The Discomfort Zone: A Personal History

The Discomfort Zone: A Personal History

Jonathan Franzen

Language: English

Pages: 208

ISBN: 0312426402

Format: PDF / Kindle (mobi) / ePub


A New York Times Notable Book of the Year

The Discomfort Zone is Jonathan Franzen's tale of growing up, squirming in his own über-sensitive skin, from a "small and fundamentally ridiculous person," into an adult with strong inconvenient passions. Whether he's writing about the explosive dynamics of a Christian youth fellowship in the 1970s, the effects of Kafka's fiction on his protracted quest to lose his virginity, or the web of connections between bird watching, his all-consuming marriage, and the problem of global warming, Franzen is always feelingly engaged with the world we live in now. The Discomfort Zone is a wise, funny, and gorgeously written self-portrait by one of America's finest writers.

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at Snoopy and asking, “Why aren’t you two ponies?” Snoopy, rolling his eyes, thinks: “I knew we’d get around to that.” Or Chapter 1, verses 26–32, of what I knew about the mysteries of etiquette: Linus is showing off his new wristwatch to everyone in the neighborhood. “New watch!” he says proudly to Snoopy, who, after a hesitation, licks it. Linus’s hair stands on end. “YOU LICKED MY WATCH!” he cries. “It’ll rust! It’ll turn green! He ruined it!” Snoopy is left looking mildly puzzled and

jahrelang, natürlich nutzt es sich ab, es wird schmutzig, es bricht in den Falten, es weitet sich aus wie Handschuhe, die man auf der Reise getragen hat. Das sind sparsame, einfache Leute; sie wechseln es nicht, sie lassen es nicht einmal reinigen.* But the sentence in Malte that became my motto for the semester was one I didn’t notice until Avery pointed it out to us. It’s spoken to Malte by a friend of his family, Abelone, when Malte is a little boy and is reading aloud thoughtlessly from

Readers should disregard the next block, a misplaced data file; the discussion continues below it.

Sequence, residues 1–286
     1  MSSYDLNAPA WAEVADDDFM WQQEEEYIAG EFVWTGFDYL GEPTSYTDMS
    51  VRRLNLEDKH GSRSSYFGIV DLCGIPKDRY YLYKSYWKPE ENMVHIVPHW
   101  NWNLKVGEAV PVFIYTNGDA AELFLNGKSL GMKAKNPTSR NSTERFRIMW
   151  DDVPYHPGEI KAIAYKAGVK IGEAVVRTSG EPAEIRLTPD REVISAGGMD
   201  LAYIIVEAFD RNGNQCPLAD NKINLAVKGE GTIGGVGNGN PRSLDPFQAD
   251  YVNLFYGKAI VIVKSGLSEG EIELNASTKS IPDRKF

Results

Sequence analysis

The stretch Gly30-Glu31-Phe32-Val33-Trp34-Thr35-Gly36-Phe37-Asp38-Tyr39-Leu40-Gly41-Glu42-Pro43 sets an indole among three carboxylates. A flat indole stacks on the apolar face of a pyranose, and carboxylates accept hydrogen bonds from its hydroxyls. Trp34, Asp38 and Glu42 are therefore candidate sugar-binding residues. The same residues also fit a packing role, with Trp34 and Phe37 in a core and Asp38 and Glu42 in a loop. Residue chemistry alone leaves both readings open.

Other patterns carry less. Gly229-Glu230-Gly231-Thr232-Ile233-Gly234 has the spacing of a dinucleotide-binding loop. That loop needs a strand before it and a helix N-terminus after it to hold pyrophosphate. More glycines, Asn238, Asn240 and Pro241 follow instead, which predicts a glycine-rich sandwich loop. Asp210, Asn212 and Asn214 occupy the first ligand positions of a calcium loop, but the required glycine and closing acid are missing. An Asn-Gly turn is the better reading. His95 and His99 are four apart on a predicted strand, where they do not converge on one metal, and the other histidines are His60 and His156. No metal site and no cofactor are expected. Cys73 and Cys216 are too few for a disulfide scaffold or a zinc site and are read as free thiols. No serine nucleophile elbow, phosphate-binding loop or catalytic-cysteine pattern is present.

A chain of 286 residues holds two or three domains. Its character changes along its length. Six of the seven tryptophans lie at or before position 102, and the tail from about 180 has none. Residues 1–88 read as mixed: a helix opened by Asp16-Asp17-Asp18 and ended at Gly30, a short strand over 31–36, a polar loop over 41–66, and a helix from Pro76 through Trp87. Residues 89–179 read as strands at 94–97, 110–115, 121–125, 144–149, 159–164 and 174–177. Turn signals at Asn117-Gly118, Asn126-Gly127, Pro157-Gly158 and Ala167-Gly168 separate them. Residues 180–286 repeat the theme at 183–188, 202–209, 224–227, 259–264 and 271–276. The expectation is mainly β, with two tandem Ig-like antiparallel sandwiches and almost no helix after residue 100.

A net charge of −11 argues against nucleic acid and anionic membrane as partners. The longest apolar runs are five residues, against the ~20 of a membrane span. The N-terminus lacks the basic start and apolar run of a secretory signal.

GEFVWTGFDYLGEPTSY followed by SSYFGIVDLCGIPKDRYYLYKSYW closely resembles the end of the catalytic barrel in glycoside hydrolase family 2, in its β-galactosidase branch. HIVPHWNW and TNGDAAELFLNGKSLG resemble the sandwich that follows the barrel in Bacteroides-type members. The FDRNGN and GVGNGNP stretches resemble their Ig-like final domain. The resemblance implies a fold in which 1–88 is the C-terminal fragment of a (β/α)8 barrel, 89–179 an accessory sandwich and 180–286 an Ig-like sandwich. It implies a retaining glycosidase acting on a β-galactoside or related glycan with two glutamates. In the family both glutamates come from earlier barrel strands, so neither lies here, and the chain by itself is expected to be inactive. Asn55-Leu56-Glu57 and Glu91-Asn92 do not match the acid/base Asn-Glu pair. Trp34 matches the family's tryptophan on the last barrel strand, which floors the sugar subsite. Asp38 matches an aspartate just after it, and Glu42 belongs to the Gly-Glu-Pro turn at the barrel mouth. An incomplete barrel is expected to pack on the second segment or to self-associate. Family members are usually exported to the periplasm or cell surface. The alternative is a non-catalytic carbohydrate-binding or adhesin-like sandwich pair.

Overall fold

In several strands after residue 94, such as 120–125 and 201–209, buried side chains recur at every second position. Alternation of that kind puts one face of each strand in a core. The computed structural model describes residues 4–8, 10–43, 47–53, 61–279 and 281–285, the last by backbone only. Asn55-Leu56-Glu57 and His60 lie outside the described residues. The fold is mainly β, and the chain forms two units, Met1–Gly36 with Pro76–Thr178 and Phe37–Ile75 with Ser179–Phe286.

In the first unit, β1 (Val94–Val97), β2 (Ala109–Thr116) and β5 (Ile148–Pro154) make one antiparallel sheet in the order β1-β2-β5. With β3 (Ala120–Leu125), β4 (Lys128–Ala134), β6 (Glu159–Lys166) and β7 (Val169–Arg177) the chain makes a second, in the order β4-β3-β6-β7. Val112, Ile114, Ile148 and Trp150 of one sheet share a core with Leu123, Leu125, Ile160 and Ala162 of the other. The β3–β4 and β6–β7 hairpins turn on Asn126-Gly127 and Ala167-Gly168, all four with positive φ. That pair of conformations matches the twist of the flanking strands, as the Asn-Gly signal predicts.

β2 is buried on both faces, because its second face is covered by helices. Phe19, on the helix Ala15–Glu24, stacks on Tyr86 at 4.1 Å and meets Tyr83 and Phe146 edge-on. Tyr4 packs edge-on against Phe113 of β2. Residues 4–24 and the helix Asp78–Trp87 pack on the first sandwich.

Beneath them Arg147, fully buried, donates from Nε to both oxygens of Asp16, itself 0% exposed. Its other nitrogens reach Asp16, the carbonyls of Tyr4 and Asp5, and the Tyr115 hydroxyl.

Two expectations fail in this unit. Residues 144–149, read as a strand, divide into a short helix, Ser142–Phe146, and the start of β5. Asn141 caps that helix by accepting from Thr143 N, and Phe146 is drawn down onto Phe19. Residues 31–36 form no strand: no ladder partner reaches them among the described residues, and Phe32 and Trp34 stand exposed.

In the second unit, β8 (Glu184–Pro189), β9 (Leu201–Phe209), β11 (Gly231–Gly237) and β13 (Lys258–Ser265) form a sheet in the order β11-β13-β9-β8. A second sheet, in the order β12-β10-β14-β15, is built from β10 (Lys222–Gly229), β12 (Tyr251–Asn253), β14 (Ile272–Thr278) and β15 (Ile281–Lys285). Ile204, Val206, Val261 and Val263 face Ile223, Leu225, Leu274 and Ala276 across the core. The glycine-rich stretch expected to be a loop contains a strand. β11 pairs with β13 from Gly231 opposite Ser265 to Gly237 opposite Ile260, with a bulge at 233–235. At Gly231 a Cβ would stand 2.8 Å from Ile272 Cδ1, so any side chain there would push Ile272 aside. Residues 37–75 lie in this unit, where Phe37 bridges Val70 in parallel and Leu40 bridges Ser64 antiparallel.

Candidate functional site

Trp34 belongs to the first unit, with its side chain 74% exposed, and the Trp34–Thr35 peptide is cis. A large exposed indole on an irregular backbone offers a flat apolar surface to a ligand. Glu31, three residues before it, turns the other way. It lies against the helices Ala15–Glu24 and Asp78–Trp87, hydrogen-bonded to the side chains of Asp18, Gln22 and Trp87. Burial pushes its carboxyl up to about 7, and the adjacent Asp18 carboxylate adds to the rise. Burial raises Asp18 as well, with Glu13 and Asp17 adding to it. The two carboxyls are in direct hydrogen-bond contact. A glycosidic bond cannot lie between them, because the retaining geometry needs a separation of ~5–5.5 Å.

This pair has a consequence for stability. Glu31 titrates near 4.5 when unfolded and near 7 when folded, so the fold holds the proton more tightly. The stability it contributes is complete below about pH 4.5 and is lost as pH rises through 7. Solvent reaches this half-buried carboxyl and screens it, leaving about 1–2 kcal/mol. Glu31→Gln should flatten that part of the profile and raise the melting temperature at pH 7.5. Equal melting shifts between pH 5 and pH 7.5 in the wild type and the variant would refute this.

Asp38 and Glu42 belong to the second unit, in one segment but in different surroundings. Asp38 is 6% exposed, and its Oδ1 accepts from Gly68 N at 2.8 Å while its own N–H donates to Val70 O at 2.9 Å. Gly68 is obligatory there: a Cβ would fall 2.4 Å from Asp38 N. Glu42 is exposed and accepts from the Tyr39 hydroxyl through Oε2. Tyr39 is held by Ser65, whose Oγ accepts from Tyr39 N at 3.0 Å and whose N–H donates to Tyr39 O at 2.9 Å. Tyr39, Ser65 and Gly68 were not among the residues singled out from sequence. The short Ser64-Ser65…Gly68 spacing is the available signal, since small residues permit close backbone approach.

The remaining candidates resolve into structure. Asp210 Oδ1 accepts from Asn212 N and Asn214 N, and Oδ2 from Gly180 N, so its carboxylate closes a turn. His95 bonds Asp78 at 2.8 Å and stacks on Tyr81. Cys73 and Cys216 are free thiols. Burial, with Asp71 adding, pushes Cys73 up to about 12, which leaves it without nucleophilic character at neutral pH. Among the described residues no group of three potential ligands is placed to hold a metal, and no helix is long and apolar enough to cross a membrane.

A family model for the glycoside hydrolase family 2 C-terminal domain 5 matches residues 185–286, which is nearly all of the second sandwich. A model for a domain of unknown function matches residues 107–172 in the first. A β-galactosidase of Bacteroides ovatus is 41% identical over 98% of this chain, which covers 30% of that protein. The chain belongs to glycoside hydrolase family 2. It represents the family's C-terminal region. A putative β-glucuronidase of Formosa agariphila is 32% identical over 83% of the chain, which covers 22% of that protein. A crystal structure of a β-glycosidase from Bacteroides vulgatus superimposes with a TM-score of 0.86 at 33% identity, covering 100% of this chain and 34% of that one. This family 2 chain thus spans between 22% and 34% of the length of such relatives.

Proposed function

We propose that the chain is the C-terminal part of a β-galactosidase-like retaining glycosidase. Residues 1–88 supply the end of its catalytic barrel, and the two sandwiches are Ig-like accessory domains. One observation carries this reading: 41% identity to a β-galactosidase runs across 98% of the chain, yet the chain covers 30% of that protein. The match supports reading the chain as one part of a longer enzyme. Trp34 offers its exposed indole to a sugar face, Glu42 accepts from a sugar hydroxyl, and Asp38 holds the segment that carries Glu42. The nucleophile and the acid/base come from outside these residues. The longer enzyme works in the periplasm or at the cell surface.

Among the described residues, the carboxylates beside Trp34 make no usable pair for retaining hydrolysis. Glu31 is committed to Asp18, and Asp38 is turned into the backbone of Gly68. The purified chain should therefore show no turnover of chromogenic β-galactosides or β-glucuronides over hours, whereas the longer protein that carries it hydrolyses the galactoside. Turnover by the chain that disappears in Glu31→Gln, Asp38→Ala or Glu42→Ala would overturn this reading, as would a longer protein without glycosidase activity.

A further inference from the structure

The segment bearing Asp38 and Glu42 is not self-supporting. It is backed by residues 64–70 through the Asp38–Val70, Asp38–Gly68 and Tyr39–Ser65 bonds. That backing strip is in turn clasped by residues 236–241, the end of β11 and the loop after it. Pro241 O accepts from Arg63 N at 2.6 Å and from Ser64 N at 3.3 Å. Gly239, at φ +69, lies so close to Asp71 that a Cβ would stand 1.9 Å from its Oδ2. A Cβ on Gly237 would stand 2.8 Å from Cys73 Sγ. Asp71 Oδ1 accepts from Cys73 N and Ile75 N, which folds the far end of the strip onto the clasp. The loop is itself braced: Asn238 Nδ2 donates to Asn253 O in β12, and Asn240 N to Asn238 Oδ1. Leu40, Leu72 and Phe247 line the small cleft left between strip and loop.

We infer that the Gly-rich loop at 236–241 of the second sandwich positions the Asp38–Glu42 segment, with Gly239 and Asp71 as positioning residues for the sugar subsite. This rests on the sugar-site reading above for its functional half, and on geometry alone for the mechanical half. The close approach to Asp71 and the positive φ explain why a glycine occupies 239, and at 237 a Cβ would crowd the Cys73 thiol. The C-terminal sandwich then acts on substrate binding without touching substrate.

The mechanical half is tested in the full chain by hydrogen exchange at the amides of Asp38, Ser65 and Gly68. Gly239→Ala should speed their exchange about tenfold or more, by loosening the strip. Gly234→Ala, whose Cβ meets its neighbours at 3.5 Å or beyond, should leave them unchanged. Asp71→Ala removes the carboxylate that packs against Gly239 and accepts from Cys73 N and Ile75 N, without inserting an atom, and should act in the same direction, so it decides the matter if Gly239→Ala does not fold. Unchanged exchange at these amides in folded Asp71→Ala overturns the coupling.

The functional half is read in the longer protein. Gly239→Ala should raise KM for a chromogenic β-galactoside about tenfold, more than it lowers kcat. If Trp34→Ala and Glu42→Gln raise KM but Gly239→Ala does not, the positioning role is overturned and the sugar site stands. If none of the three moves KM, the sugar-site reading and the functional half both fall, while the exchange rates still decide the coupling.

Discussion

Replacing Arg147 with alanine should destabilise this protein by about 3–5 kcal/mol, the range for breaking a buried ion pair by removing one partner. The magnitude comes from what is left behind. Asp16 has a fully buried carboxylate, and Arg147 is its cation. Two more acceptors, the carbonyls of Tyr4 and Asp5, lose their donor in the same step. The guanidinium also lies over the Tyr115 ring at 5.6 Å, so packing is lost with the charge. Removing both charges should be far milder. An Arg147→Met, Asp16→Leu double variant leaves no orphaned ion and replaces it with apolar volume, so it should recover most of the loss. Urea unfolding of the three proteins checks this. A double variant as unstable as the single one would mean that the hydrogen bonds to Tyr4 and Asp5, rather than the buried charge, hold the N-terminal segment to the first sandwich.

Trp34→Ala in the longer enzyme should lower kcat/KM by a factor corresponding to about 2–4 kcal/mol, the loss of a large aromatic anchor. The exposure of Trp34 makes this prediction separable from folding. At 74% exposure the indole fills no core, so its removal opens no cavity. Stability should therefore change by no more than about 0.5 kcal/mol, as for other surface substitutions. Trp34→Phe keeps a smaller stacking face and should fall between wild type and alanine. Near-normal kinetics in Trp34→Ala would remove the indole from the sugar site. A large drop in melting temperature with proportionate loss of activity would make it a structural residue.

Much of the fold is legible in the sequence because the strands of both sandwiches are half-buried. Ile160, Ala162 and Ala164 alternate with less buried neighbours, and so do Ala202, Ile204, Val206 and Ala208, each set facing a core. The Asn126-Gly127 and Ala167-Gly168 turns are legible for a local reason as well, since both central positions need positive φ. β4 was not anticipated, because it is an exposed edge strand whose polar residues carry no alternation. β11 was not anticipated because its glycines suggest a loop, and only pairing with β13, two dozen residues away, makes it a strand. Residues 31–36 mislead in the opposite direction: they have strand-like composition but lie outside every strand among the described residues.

that her only concern is with the moral purity of her rooming house. To which K., through a chink in the door, bizarrely cries, “If you want to keep your rooming house clean, you’d better start by asking me to leave!” He shuts the door in Frau Grubach’s face, ignores her “faint knocking,” and proceeds to lie in ambush for Fräulein Bürstner. He has no particular desire for the girl—can’t even remember what she looks like. But the longer he waits for her, the angrier he gets. Suddenly it’s her

Around Christmastime, the money ran out altogether. We broke our leases and sold the furniture. I took the old car, she took the new laptop, I slept with other people. Unthinkable and horrible and ardently wished-for: our little planet was ruined. A STAPLE OF my family’s dinner-table conversation in the mid-seventies was the divorce and remarriage of my father’s boss at the railroad, Mr. German. Nobody of my parents’ generation in either of their extended families had ever been divorced, nor

sharks, sea monsters, pythons, cows, piranhas, penguins, and vampire bats. He was the perfect sunny egoist, starring in his ridiculous fantasies and basking in everyone’s attention. In a cartoon strip full of children, the dog was the character I recognized as a child. Tom and my father had been talking in the living room when I went up to bed. Now, at some late and even stuffier hour, after I’d put aside the Peanuts Treasury and fallen asleep, Tom burst into our bedroom. He was shouting

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